Bullpen slips as O's fall to Phillies, 7-6

Grimsley, Ryan fail to hold 6-4 lead

Bell's homer, Perez's single cap rally

July 04, 2004|By Roch Kubatko | Roch Kubatko,SUN STAFF

PHILADELPHIA - Exhausted from playing 16 innings the previous night, their roster stretched to cartoonish proportions, the Orioles tried to do what manager Lee Mazzilli has been preaching since he took the job. They tried, through tired eyes, to find a way.

They got seven innings and 10 strikeouts out of starter Erik Bedard, who was primed for an early exit after allowing three runs in the first. They got home runs from Miguel Tejada and Luis Lopez within a lineup that bore scant resemblance to the usual ones.

They got so close to a win, they could taste it. No wonder the loss went down like sour milk.

David Bell belted a two-run homer off Jason Grimsley in the eighth inning to tie the game, and pinch-hitter Tomas Perez grounded a single past Lopez at third base to give the Philadelphia Phillies a 7-6 victory over the Orioles last night before 44,163 at Citizens Bank Park.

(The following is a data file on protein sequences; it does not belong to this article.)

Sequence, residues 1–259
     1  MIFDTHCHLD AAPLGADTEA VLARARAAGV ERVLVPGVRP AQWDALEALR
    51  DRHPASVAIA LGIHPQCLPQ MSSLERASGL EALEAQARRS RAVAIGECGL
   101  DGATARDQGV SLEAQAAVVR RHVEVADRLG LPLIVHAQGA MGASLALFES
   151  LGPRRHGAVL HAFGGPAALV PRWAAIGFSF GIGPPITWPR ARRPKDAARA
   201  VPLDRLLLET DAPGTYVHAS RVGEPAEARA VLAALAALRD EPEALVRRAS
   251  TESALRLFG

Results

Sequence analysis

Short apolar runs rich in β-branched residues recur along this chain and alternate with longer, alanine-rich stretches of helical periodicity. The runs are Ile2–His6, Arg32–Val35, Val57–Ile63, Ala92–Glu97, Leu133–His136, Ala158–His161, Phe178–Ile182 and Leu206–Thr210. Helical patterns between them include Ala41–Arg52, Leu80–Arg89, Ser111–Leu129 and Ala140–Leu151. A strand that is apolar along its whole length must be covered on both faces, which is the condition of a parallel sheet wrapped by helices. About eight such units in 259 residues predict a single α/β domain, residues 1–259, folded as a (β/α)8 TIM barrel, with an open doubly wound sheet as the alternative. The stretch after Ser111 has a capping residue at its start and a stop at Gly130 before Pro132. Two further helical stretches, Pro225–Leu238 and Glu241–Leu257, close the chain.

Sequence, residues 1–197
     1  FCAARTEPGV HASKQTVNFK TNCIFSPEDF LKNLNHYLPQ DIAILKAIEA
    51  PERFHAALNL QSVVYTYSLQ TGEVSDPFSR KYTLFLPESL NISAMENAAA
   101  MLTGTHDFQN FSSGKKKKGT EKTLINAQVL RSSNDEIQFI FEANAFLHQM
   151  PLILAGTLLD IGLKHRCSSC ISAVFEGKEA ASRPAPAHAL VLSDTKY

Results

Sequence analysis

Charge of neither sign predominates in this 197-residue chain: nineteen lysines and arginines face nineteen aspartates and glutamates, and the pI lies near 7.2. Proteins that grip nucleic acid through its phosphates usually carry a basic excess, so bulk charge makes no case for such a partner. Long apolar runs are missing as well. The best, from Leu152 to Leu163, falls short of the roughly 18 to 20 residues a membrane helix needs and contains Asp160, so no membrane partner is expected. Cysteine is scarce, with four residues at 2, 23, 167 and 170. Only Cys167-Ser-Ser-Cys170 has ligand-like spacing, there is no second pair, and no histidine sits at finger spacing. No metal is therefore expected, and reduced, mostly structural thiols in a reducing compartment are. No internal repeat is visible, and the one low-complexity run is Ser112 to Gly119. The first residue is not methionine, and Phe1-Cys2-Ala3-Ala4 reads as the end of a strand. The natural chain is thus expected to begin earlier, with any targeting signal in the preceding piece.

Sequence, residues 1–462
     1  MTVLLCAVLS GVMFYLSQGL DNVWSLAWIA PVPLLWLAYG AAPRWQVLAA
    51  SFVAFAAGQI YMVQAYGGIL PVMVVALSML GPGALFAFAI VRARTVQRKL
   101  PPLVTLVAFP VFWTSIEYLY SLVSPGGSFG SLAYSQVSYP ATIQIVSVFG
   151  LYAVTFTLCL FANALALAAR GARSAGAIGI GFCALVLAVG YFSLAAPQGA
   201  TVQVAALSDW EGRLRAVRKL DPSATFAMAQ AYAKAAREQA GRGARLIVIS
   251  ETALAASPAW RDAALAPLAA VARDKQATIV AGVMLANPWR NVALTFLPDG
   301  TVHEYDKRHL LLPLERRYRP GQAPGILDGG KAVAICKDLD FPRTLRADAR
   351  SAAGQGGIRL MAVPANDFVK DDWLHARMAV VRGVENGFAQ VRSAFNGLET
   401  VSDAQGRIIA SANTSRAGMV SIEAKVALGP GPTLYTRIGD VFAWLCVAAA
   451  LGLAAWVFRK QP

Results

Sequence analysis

With B.J. Ryan pitching, Perez sent a sharp grounder toward Lopez at third. The ball skipped under his glove as Mike Lieberthal scored, and the Orioles (34-43) had found the wrong way to hold a lead and extend a modest winning streak.

"I'm known as a defensive player," Lopez said, "and I've got to make that play."

Tejada's homer in the fifth inning was his 15th this season and extended his hitting streak to 18 games. He also had a sacrifice fly to increase his RBI total to 69, third in the American League.

Replacing injured Melvin Mora at third base, Lopez drove in two runs with a sacrifice fly and his first homer since Sept. 15, 2002, which increased the Orioles' lead to 6-4 in the eighth. It broke an 0-for-17 slump.

Appearing in his third straight game, Grimsley retired the leadoff hitter in the eighth and almost got the second out when Jim Thome grounded to Lopez, who moved to shortstop in the Orioles' shift. But the ball took a wicked hop past Lopez's right ear, and Bell followed with his two-run shot to left field.